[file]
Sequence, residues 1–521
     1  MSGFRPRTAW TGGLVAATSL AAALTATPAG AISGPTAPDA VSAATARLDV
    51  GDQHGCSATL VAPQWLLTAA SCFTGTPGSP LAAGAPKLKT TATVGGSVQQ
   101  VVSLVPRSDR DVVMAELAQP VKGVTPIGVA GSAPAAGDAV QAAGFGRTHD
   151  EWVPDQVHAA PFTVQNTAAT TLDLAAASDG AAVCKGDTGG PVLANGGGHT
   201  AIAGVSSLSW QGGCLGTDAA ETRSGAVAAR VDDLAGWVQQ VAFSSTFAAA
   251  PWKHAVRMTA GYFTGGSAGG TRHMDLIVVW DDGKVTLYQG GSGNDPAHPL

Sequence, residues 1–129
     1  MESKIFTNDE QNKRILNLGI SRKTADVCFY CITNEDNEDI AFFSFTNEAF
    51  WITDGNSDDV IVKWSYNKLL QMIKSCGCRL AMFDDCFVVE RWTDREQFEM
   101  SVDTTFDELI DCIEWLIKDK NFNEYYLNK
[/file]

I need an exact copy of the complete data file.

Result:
Sequence, residues 1–521
     1  MSGFRPRTAW TGGLVAATSL AAALTATPAG AISGPTAPDA VSAATARLDV
    51  GDQHGCSATL VAPQWLLTAA SCFTGTPGSP LAAGAPKLKT TATVGGSVQQ
   101  VVSLVPRSDR DVVMAELAQP VKGVTPIGVA GSAPAAGDAV QAAGFGRTHD
   151  EWVPDQVHAA PFTVQNTAAT TLDLAAASDG AAVCKGDTGG PVLANGGGHT
   201  AIAGVSSLSW QGGCLGTDAA ETRSGAVAAR VDDLAGWVQQ VAFSSTFAAA
   251  PWKHAVRMTA GYFTGGSAGG TRHMDLIVVW DDGKVTLYQG GSGNDPAHPL

Sequence, residues 1–129
     1  MESKIFTNDE QNKRILNLGI SRKTADVCFY CITNEDNEDI AFFSFTNEAF
    51  WITDGNSDDV IVKWSYNKLL QMIKSCGCRL AMFDDCFVVE RWTDREQFEM
   101  SVDTTFDELI DCIEWLIKDK NFNEYYLNK